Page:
# Copyright (C) 2013 Cisco Systems Inc.
# Licensed under the Apache License, Version 2.0 (the "License");
# you may not use this file except in compliance with the License.
# You may obtain a copy of the License at
# Unless required by applicable law or agreed to in writing, software
# distributed under the License is distributed on an "AS IS" BASIS,
# See the License for the specific language governing permissions and
# limitations under the License.

# This script can be used to quickly and easily enable and monitor nx-api
# sessions and debugs on a Nexus 9000 Standalone Switch.  If the script
# is copied into bootflash:///scripts, it can be run as:
#	source enable_and_tail_enhanced_nxapi_debugs

import os
import sys
import time

def touch(path):
	""" Touch the path, which means create it if it doesn't exist and set the
    	path's utime.
	with open(path, 'a'):
    	os.utime(path, None)

def get_root(file):
	""" Returns the root filesystem designator in a non-platform-specific way
	somepath = os.path.abspath(sys.executable)
	(drive, path) = os.path.splitdrive(somepath)
	while 1:
    	(path, directory) = os.path.split(path)
    	if not directory:
	return drive + path

def print_file_from(filename, pos):
	""" Determine where to start printing from within a file
	with open(filename, 'rb') as fh:
    	while True:
        	chunk =
        	if not chunk:

def _fstat(filename):
	""" stat the file
	st_results = os.stat(filename)
	return (st_results[6], st_results[8])

def _print_if_needed(filename, last_stats):
	changed = False
	#Find the size of the file and move to the end
	tup = _fstat(filename)
	if last_stats[filename] != tup:
    	changed = True
    	print_file_from(filename, last_stats[filename][0])
    	last_stats[filename] = tup
	return changed

def multi_tail(filenames, stdout=sys.stdout, interval=1, idle=10):
	S = lambda (st_size, st_mtime): (max(0, st_size - 124), st_mtime)
	last_stats = dict((fn, S(_fstat(fn))) for fn in filenames)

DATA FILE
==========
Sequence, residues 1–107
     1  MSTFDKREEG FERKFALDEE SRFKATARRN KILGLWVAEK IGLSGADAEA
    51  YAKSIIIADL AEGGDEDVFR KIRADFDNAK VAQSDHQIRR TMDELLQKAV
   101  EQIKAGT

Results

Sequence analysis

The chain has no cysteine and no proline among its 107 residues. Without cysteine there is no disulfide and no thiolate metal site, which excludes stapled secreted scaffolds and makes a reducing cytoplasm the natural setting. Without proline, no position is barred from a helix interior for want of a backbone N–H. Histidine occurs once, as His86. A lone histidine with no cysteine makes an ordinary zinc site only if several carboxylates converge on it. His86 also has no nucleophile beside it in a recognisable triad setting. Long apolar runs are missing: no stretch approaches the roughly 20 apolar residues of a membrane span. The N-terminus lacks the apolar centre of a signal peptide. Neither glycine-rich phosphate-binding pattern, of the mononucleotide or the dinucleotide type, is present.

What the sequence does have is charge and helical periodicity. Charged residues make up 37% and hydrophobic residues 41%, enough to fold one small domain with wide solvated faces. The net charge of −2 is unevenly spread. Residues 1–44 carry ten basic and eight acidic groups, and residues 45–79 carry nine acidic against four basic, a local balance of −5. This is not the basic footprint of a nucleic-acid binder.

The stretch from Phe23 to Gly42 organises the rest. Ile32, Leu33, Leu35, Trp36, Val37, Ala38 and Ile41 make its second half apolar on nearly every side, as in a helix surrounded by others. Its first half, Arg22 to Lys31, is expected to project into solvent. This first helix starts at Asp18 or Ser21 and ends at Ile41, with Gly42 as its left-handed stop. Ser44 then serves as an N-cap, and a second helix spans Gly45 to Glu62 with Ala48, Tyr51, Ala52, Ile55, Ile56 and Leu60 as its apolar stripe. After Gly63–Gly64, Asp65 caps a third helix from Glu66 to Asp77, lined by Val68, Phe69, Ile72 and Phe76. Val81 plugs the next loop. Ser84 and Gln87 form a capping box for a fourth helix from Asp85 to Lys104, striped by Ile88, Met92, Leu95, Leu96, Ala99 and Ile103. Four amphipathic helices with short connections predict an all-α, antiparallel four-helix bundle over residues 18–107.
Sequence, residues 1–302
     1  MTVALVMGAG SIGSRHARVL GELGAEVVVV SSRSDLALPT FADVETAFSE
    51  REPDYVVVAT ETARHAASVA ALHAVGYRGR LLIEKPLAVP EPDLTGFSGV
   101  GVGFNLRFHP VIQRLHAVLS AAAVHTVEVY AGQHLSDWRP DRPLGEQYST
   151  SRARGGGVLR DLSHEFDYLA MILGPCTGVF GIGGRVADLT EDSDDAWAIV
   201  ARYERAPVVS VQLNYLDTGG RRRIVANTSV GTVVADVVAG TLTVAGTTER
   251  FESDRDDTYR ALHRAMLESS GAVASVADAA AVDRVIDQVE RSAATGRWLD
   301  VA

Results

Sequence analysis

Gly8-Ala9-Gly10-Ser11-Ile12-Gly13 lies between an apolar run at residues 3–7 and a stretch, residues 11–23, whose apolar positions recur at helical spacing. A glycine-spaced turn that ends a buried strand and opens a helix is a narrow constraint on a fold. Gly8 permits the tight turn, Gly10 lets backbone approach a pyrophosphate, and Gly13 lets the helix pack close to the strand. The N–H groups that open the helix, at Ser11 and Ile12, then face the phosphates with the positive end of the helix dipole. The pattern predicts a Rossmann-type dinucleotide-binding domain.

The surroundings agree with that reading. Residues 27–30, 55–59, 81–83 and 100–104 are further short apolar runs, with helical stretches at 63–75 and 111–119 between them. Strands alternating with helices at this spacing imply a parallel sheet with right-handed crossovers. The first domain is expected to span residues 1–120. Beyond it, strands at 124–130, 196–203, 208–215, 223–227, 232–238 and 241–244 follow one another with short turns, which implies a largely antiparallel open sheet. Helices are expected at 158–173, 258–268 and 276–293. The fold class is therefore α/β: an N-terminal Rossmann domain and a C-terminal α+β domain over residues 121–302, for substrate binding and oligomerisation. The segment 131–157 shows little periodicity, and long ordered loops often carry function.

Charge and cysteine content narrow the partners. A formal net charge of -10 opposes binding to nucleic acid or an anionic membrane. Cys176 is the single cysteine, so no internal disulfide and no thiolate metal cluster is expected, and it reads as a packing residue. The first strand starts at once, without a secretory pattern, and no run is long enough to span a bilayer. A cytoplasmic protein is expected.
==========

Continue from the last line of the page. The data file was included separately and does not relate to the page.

last_print = 0
	while 1:
    	changed = False
    	for filename in filenames:
        	if _print_if_needed(filename, last_stats):
            	changed = True
    	if changed:
        	if idle > 0:
            	last_print = time.time()
        	if idle > 0 and last_print is not None:
            	if time.time() - last_print >= idle:
                	last_print = None

# Build a path to the logflag file in a platform non-specific way
nxapi_logs_directory = os.path.join(get_root(sys.executable), 'var', 'nginx', 'logs')
nxapi_enable_debug_file = os.path.join(nxapi_logs_directory, "logflag")

# Touch that file so enhanced nxapi debugs start to be logged

print "Tailing the access.log, error.log and the nginx.log, use cntl-c (^C)"
print "to exit."

# Tail the logs
logs = []
logs.append(os.path.join(nxapi_logs_directory, "access.log"))
logs.append(os.path.join(nxapi_logs_directory, "error.log"))
logs.append(os.path.join(nxapi_logs_directory, "nginx.log"))

except KeyboardInterrupt:

# Clean up

Start Scripting!

I hope I’ve got you interested enough. If you’re keen on starting your learning adventure, you can try out Kirk Byers ‘Python for Network Engineers’ video course. It’s recommended by many experts.

Also you can always start with the ‘Foundations of Python Network Programming” book by John Goerzen and‎ Brandon Rhodes.

So, what are you waiting for? Let go you imagination and find cool and useful ways to use Python in your Network Engineering tasks.

And don’t forget to share them with us in the comment sections.